The RIDD trial aims to test whether the progression of Dupuytren’s disease can be halted or slowed by treatment with anti-TNF injection. Currently, Dupuytren’s disease is left to progress until the finger deformity is severe enough to warrant a surgical procedure in hospital. If successful, anti-TNF treatment would prevent loss of hand function and the need for surgery, and would allow patients to be treated conveniently and quickly.

Find out more here.


Anti-Freaze-F trial

Frozen shoulder is a common condition affecting approximately 9% of people aged 25–64 years. During the early phasethe pain is usually unbearable and the later restriction in movement is severely limiting. The pain can be very severe and lasts 3–9 months, followed by a 4–12 month period of increasing stiffness, after which the condition usually improves. Frozen shoulder often affects a person’s ability to sleep, carry out everyday activities, and work. Current treatments include rest, painkillers, anti-inflammatories, physiotherapy and steroid injections. If stiffness persists, surgery is  sometimes recommended. However, there is no evidence that any of these treatments lead to significant benefit in the long term, with many being ineffective. Steroid injections only help in the short term. The pathophysiology of frozen shoulder has similarities to Dupuytren’s disease and approximately 50% of patients with Dupuytren’s disease also develop frozen shoulder. The Anti-Freaze-F trial will assess the feasibility of conducting a large randomised controlled trial to assess whether intra-articular injection of anti-TNF (adalimumab) can reduce pain and improve function in people with pain predominant early stage frozen shoulder.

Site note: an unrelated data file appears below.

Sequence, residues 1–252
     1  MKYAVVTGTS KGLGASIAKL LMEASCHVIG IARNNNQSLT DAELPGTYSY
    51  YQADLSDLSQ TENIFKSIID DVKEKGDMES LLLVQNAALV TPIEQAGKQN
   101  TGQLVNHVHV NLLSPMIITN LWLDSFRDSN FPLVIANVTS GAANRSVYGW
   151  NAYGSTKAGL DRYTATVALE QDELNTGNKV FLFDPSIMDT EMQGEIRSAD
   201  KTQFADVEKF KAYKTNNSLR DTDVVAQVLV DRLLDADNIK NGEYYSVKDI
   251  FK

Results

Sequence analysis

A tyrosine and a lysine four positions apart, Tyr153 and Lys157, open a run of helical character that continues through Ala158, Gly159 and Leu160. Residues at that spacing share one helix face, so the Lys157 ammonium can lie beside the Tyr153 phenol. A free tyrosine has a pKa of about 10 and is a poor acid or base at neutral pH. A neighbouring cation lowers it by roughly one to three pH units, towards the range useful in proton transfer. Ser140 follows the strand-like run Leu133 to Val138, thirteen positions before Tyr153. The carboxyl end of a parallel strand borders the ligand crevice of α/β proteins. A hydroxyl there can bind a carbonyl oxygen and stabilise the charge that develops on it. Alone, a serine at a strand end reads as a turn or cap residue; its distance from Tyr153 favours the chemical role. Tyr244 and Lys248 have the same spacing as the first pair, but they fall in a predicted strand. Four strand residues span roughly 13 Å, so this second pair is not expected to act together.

Team Members